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9/15/2013 1:50 P.M. ET

Reliever Downs pitching through the pain

ATLANTA -- Reliever Scott Downs will continue providing the Braves with a veteran lefty arm out of the bullpen, even though the pain in the fractured ring finger of his non-throwing hand may not fully subside until after the season. Downs missed just under a week of action after he took a line drive off his glove in the sixth inning of the Braves' Sept. 7 loss to the Phillies.

"I've got a brace that I put in my glove, but I can still feel it," Downs said. "It's not as bad as it was when I first did it. The swelling has gone down, so it's just a matter of what I can tolerate. It feels fine."

Downs stumbled in his return to the mound on Friday night, when he entered with two outs and a runner on second in the eighth inning of a tie game. San Diego pinch-hitter Logan Forsythe stepped in and took a 2-2 curveball into center field to push across the game-winning run, saddling reliever David Carpenter with the loss.

"When you take six days off -- when you take any days off, really -- you don't know how you're going to do, but I felt good out there," Downs said. "I made some good pitches and then made one bad one where he got enough on it."

E. Johnson finding ways to contribute to Braves

ATLANTA -- Second baseman Elliot Johnson was denied extra bases when Padres center fielder Will Venable ranged into the left-center-field gap to make a diving grab in the first inning on Saturday night, making it halfway to second base before he turned for the Braves' dugout in disbelief.

The next morning, Johnson took little consolation from the fact that Venable has spent all year turning heads with highlight-reel plays, or that Johnson himself had robbed Venable of an infield single with a nifty glove-flip on a slow roller in the third inning of Friday's series opener.

Since Johnson was claimed off waivers from the Royals on Aug. 21, he has impressed with a handful of slick plays at multiple spots in the field and produced enough at the plate to earn regular playing time from manager Fredi Gonzalez. After hitting just .179 with 49 strikeouts and an OPS of .458 in 79 games in Kansas City, Johnson entered Sunday with a .259 average, an OPS of .657 and five steals in his first 19 games with the Braves.

"This is pretty much what I do," Johnson said. "Steal a base here and there, play some good defense, and offensively, I'll hit some balls hard, and sometimes they dive and catch it, and sometimes they fall in. That's just kind of the way it is, so minimize my strikeouts and I'll be able to be a serviceable player at this level."

On Friday, he followed the quick flip to retire Venable with arguably an even more impressive play a few innings later, ranging deep in the hole to haul in Chris Denorfia's cue shot up the middle and firing a strong throw to first that left Denorfia crouched in dismay up the first-base line. Both defensive plays caught Gonzalez's eye in a losing effort.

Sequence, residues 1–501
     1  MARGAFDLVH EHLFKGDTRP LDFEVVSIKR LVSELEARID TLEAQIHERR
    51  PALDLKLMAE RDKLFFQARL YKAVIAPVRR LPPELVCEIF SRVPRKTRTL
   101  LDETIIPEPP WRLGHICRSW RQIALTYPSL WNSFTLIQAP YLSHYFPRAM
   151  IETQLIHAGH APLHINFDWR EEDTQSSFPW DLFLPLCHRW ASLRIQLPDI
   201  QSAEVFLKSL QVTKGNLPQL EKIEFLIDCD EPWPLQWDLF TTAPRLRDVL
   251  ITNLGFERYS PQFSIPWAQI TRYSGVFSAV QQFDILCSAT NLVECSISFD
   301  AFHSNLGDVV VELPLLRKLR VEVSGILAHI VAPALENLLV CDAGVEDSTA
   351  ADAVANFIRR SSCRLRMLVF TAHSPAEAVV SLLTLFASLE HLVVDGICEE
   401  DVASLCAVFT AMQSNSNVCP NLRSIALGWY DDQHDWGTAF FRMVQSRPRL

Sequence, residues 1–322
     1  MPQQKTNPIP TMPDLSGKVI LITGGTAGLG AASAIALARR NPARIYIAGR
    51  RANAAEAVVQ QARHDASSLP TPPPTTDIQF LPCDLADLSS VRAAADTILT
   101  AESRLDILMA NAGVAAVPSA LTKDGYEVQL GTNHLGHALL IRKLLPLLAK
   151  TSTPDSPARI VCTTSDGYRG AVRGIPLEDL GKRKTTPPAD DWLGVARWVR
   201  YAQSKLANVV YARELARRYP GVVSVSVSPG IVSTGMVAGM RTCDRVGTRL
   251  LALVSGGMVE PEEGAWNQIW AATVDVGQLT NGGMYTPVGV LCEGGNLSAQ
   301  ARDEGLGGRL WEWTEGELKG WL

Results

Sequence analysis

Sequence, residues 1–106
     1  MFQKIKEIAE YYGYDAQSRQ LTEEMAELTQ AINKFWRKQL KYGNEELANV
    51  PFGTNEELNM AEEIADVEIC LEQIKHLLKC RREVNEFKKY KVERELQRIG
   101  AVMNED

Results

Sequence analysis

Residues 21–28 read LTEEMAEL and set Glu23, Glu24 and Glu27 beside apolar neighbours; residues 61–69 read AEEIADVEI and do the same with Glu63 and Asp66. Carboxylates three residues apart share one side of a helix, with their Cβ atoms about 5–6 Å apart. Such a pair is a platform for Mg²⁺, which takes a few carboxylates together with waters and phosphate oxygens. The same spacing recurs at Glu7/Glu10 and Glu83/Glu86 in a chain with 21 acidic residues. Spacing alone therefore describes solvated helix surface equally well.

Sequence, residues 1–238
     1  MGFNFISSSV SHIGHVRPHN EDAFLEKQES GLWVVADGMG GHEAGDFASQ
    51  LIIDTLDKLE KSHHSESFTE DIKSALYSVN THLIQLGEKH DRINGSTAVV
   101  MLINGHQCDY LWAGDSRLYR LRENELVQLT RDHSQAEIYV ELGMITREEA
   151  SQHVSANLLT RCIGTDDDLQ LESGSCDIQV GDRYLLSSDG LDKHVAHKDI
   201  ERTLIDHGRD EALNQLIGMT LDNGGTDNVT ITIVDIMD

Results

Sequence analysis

"He's showing some athleticism out there at second base," Gonzalez said. "When we got him, [Royals manager] Ned Yost told me that this guy's a pretty good second baseman, and so far, he's really been dead on."

On Sunday, Johnson was tabbed for his seventh consecutive start, having earned the majority of playing time at second as Dan Uggla has struggled to get comfortable following LASIK surgery in August. Each game Johnson sees time offers the 29-year-old utility man a chance to find new ways to contribute and keep himself in the lineup one way or another down the stretch.

"I'm getting plenty of opportunity here," Johnson said. "It's my job to make the most of it. I'm not really sure what exactly there is long-term, so I show up, and if my name's in the lineup, then I'll help the team win today and take it from there. Every day that you get an opportunity to play is an opportunity to showcase what you can do and potentially further your career and come up with building trust and other things of that nature with the skipper."

Worth noting

Tim Hudson joined his teammates in the clubhouse before Sunday's game, and he will accompany the Braves as they attempt to clinch the National League East over the course of a six-game road trip through Washington and Chicago this week. Hudson was cleared earlier this week to get out of the boot protecting his right ankle, but he won't be able to begin the majority of his rehab activities until October, when he will have a screw removed from the ankle.

Will he impart any wisdom on the young standouts in the rotation that have helped cut Atlanta's magic number to four entering Sunday?

"They're doing pretty daggum good right now," Hudson said. "I don't want to mess them up."

Paul Maholm was relieved to evade any serious elbow issues when a contrast MRI exam taken last Wednesday revealed no structural damage after the left-hander had felt pain going back to his Aug. 28 start against Cleveland. Due to Freddy Garcia getting the start on Tuesday in Washington and Thursday's off-day, Maholm will be able to start Friday's series opener in Chicago against his former team with two additional days' rest.

Eric Single is an associate reporter for MLB.com. This story was not subject to the approval of Major League Baseball or its clubs.